King counters that Section 2676’s judgment bar does not apply to his Bivens claims because he failed to satisfy the elements under Section 1346(b)(1), which is a necessary precondition for a district court to have subject matter jurisdiction under the FTCA. Brief for the Respondent at 35. King argues that absent a showing that all of the elements under Section 1346(b)(1) are established, no action under the FTCA exists. Id. King further contends that Section 2676’s judgment bar also does not apply to claims brought together in the same lawsuit. Id. at 26. Specifically, King concludes that since res judicata only bars a claim made in a separate lawsuit, Section 2676’s judgment bar does not apply to multiple claims that were made in the same lawsuit. Id. at 26–28. Moreover, King asserts, since the language of the FTCA suggests that subsequent litigation is barred only by “the” final judgment—that is, one addressing any and all claims brought together in the action—Section 2676’s judgment bar does not apply to claims brought within the same lawsuit. Id. King emphasizes that whether Section 2676 bars subsequent Bivens claims in a separate action has no bearing on this case; the district court did not enter judgment as to all the claims in the action under Section 1346(b), but rather made a judgment regarding only whether King’s FTCA claim established the elements necessary to grant the court jurisdiction Id. at 26–34.
ACCESS TO THE COURTS
Brownback argues that barring a plaintiff’s Bivens action after a district court has dismissed claims brought under the FTCA conforms to the FTCA’s objective of opening access to the courts by offering plaintiffs the ability to sue the United States without allowing for repetitious actions against individual federal employees. Brief for Petitioner, Douglas Brownback et al. at 18–19. Brownback claims that the FTCA’s original judgment bar balanced the newly-created cause of action against the United States with the preclusion of related claims against the government employees. Id. Brownback asserts that Congress offered plaintiffs a choice in pursuing remedies against the United States, or against individual federal employees, or both. Id. at 45. Brownback contends that establishing this choice, along with its ramifications of barring actions against individual federal employees, follows directly from the judgment bar’s function of barring claims against federal employees after an FTCA judgment in favor of the United States. Id. Brownback further maintains that Congress sought to extend the judgment bar to intentional torts by federal law enforcement officers following Bivens through the 1974 amendment to Section 2680(h). Id. at 19. Brownback posits that this amendment’s purpose was to extend the same choice to plaintiffs considering Bivens and FTCA claims while continuing to fulfill the FTCA’s goal of directing liability towards the United States, rather than individual federal employees. Reply Brief for Petitioner at 18.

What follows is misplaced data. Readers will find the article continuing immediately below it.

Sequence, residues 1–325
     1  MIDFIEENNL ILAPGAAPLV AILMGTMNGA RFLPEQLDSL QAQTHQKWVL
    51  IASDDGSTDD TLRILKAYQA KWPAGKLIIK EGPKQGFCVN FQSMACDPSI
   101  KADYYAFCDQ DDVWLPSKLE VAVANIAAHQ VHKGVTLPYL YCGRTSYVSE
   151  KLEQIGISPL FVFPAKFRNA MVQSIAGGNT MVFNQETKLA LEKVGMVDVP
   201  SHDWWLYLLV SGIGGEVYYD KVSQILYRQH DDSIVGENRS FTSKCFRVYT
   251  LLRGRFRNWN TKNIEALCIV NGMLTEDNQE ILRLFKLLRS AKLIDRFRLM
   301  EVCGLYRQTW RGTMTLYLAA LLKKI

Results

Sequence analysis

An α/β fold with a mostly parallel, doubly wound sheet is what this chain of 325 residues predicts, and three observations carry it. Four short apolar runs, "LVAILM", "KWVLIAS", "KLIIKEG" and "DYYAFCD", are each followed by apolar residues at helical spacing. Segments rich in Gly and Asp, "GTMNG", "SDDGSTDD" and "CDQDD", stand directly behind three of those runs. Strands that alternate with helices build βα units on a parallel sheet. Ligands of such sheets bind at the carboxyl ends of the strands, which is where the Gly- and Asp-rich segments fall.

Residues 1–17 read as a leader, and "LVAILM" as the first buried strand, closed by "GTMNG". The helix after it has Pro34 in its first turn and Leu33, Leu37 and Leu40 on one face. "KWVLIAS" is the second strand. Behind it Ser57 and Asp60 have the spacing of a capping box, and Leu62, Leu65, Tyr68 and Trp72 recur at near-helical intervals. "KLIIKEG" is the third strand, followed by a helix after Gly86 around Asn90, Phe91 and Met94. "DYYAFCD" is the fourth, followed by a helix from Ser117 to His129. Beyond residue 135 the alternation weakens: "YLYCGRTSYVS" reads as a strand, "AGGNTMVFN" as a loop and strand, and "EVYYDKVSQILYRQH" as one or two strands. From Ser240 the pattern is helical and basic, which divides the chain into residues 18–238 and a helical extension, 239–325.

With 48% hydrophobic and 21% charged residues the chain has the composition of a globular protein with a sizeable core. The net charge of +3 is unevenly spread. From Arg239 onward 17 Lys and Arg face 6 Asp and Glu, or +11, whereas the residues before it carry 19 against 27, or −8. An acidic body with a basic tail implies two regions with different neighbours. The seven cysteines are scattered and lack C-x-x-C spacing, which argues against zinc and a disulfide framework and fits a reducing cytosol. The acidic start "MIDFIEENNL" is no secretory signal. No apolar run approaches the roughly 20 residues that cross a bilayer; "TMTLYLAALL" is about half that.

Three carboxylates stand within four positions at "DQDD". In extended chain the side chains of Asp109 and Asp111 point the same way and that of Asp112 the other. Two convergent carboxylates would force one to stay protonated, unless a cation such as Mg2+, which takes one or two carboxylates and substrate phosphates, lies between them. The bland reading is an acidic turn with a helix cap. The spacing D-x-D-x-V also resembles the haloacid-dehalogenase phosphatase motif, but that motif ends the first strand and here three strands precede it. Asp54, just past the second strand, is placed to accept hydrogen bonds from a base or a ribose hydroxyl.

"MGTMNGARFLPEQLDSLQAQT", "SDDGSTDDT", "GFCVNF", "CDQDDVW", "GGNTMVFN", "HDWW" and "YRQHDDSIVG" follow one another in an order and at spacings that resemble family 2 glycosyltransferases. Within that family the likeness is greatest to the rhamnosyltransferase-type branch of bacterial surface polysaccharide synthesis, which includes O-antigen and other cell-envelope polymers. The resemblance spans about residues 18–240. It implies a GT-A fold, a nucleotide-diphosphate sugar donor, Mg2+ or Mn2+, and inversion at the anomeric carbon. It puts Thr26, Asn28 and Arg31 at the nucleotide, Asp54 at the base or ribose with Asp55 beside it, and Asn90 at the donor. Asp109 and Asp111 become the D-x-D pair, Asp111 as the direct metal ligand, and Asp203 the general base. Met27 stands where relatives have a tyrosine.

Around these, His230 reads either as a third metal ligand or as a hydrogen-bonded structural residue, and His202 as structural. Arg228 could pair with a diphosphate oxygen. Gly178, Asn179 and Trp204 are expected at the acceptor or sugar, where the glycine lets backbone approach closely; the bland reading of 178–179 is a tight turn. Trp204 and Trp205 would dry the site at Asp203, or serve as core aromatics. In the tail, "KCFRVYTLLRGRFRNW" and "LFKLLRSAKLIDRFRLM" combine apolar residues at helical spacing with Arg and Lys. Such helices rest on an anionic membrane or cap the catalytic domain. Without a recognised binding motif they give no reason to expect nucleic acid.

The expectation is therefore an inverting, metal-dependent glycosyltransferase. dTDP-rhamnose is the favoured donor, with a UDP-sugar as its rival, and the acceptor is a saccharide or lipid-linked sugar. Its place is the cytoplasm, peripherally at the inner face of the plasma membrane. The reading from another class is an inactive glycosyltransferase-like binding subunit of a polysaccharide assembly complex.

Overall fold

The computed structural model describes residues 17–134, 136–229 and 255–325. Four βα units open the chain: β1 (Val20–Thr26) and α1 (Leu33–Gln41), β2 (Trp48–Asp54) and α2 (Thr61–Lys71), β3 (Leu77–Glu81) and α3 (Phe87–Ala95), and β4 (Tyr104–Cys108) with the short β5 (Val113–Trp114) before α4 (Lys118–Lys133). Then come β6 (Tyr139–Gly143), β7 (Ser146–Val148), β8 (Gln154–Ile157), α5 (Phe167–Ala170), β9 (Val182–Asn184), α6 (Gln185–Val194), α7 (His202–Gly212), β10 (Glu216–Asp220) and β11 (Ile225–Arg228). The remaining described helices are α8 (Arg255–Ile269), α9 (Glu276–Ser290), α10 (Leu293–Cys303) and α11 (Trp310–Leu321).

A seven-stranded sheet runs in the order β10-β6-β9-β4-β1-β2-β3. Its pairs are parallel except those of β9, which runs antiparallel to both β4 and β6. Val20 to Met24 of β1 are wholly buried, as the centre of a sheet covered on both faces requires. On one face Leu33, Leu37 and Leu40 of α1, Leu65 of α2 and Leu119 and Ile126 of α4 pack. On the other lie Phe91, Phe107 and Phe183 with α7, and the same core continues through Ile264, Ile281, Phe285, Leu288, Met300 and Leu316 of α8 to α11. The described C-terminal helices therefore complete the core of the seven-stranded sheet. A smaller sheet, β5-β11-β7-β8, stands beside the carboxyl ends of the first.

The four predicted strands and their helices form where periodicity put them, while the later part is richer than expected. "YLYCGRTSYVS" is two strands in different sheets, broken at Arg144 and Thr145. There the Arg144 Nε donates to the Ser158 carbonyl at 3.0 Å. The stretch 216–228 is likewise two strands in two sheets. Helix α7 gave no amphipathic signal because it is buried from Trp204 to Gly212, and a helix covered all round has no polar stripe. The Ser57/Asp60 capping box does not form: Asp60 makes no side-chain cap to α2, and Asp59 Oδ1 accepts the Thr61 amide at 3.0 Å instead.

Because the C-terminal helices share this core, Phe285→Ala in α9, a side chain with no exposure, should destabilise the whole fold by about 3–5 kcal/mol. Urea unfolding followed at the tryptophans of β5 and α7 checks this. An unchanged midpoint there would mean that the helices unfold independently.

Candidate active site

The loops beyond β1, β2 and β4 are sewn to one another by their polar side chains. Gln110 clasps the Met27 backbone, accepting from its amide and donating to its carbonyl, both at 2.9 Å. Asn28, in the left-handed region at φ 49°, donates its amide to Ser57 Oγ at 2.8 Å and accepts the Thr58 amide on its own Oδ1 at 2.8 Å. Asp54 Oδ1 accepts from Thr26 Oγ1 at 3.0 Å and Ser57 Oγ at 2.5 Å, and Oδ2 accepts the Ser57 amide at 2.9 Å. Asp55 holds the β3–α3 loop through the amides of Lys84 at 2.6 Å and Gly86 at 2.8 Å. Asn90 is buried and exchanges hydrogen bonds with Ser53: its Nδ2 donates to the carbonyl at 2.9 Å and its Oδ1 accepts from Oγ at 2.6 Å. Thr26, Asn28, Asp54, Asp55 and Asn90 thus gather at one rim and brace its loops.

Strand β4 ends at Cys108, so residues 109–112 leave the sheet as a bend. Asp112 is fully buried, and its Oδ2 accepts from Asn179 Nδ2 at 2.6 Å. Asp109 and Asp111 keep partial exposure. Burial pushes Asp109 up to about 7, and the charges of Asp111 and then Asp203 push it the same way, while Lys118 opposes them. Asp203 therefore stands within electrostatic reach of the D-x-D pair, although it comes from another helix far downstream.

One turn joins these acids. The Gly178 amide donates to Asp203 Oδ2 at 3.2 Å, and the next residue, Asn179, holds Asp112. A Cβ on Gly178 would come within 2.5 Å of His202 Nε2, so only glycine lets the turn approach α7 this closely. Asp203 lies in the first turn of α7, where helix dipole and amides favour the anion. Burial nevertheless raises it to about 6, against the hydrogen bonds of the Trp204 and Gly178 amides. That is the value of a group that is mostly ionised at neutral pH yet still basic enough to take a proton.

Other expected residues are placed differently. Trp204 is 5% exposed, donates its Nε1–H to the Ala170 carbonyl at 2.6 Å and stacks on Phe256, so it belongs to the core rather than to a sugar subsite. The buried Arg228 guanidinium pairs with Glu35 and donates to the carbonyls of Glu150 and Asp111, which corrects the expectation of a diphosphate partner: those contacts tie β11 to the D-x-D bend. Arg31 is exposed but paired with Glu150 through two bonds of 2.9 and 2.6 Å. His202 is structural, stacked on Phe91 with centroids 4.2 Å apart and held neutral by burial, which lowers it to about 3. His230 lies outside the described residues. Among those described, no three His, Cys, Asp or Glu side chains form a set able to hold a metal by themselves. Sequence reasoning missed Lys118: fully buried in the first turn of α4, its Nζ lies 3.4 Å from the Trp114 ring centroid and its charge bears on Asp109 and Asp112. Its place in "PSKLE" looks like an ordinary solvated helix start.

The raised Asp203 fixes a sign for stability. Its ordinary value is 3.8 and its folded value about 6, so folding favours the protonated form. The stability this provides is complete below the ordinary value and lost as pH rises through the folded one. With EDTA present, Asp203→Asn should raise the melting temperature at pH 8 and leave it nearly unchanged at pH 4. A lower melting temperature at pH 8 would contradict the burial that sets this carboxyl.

Members of Congress, in support of King, counter that extending the FTCA’s judgment bar to a plaintiff’s Bivens claims after dismissal of a FTCA claim for jurisdictional reasons would frustrate the FTCA’s purpose by blocking the plaintiff’s access to the courts. Brief of Amici Curiae Members of Congress, in Support of Respondents at 5–6. Similarly, the American Civil Liberties Union (“ACLU”) argues that barring a meritorious Bivens claim following the dismissal of a related FTCA claim for jurisdictional reasons undermines the FTCA’s goal of holding government officials accountable. Brief of Amici Curiae American Civil Liberties Union, et al. (“ACLU”), in Support of Respondents at 19–20. In further support, the Cato Institute and the National Police Accountability Project (collectively “Cato”) contend that Congress intended to provide plaintiffs the opportunity to pursue FTCA and Bivens claims simultaneously. Brief of Amici Curiae Cato Institute and National Police Accountability Project (“Cato”), in Support of Respondents at 5–6. Cato asserts that extending the FTCA’s judgment bar, as proposed by Brownback, would foreclose this opportunity by destroying valid Bivens claims when a plaintiff’s FTCA claim is decided for the United States before resolution of the plaintiff’s Bivens claim. Id. at 7. Cato claims that under this rule, due to plaintiffs’ inability to guarantee simultaneous resolution of both claims, most plaintiffs would be obligated to choose to pursue a single claim, thereby forgoing the other claim and losing access to the complementary remedies intended by Congress. Id. at 12, 15.
Brownback asserts that applying the judgment bar to King’s Bivens claim after a judgment in favor of the United States on the FTCA action is proper because King was afforded an adequate opportunity to establish the elements of his FTCA claim. Brief for Petitioner at 27. Brownback contends that allowing the Bivens action to proceed would weaken the judgment bar and strain resources by enabling a future plaintiff to pursue a Bivens claim and then relitigate the same facts in a separate FTCA action if the Bivens claim fails. Id. at 27–28. Brownback contends that applying the judgment bar in this case aligns with Congress’s goal of avoiding the burden of duplicative litigation and lessening unnecessary burdens on federal resources. Id. at 27. Brownback further claims that barring Bivens actions after judgments in favor of the United States would improve federal employee morale by achieving a permanent resolution, thereby preventing continued lawsuits against individual employees. Id.
Members of Congress argue that applying the judgment bar in this case would actually increase duplicative litigation, since plaintiffs could avoid the risk that a ruling on their FTCA claims might bar their Bivens claims by simply litigating their Bivens claim first before proceeding with their FTCA claims. Brief of Amici Curiae Members of Congress at 6. Law Enforcement Action Partnership (“Law Enforcement”), in support of King, asserts that more plaintiffs pursuing separate Bivens claims before their FTCA claims would increase government expenses, since the government often elects to pay the litigation costs of federal employees facing Bivens actions. Brief of Amicus Curiae The Law Enforcement Action Partnership (“Law Enforcement”), in Support of Respondents at 15. Law Enforcement argues that the proposed extension of the judgment bar would also harm federal employees, who could be forced to testify in multiple proceedings and who may continue to fear the possibility of duplicative litigation for months or years. Id.
- Jordan S. Rubin, Law Enforcement Accountability at Stake in Coming SCOTUS Cases, Bloomberg Law (Oct. 6, 2020).
- Robert Barnes, Supreme Court to Hear Case of Michigan Man Beaten by Plainclothes Police, Washington Post (Mar. 30, 2020).